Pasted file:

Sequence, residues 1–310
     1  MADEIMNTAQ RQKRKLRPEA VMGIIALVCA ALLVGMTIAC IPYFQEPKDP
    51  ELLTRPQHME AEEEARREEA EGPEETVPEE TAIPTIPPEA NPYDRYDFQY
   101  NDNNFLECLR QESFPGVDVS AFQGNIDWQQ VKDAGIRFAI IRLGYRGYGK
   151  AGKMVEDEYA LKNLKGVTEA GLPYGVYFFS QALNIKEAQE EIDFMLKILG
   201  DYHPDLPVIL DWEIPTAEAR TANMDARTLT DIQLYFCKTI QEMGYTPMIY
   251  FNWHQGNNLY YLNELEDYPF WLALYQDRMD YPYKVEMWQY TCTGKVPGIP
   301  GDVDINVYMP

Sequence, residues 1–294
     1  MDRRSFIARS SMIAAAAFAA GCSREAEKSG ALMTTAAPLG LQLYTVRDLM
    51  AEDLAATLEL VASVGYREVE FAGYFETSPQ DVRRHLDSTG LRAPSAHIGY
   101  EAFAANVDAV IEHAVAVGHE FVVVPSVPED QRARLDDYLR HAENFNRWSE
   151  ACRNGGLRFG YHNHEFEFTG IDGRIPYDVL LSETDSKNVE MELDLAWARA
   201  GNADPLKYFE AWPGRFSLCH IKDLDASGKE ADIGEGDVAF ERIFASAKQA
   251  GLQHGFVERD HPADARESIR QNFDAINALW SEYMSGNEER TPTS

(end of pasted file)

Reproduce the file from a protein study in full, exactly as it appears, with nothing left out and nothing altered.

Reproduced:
Sequence, residues 1–310
     1  MADEIMNTAQ RQKRKLRPEA VMGIIALVCA ALLVGMTIAC IPYFQEPKDP
    51  ELLTRPQHME AEEEARREEA EGPEETVPEE TAIPTIPPEA NPYDRYDFQY
   101  NDNNFLECLR QESFPGVDVS AFQGNIDWQQ VKDAGIRFAI IRLGYRGYGK
   151  AGKMVEDEYA LKNLKGVTEA GLPYGVYFFS QALNIKEAQE EIDFMLKILG
   201  DYHPDLPVIL DWEIPTAEAR TANMDARTLT DIQLYFCKTI QEMGYTPMIY
   251  FNWHQGNNLY YLNELEDYPF WLALYQDRMD YPYKVEMWQY TCTGKVPGIP
   301  GDVDINVYMP

Sequence, residues 1–294
     1  MDRRSFIARS SMIAAAAFAA GCSREAEKSG ALMTTAAPLG LQLYTVRDLM
    51  AEDLAATLEL VASVGYREVE FAGYFETSPQ DVRRHLDSTG LRAPSAHIGY
   101  EAFAANVDAV IEHAVAVGHE FVVVPSVPED QRARLDDYLR HAENFNRWSE
   151  ACRNGGLRFG YHNHEFEFTG IDGRIPYDVL LSETDSKNVE MELDLAWARA
   201  GNADPLKYFE AWPGRFSLCH IKDLDASGKE ADIGEGDVAF ERIFASAKQA
   251  GLQHGFVERD HPADARESIR QNFDAINALW SEYMSGNEER TPTS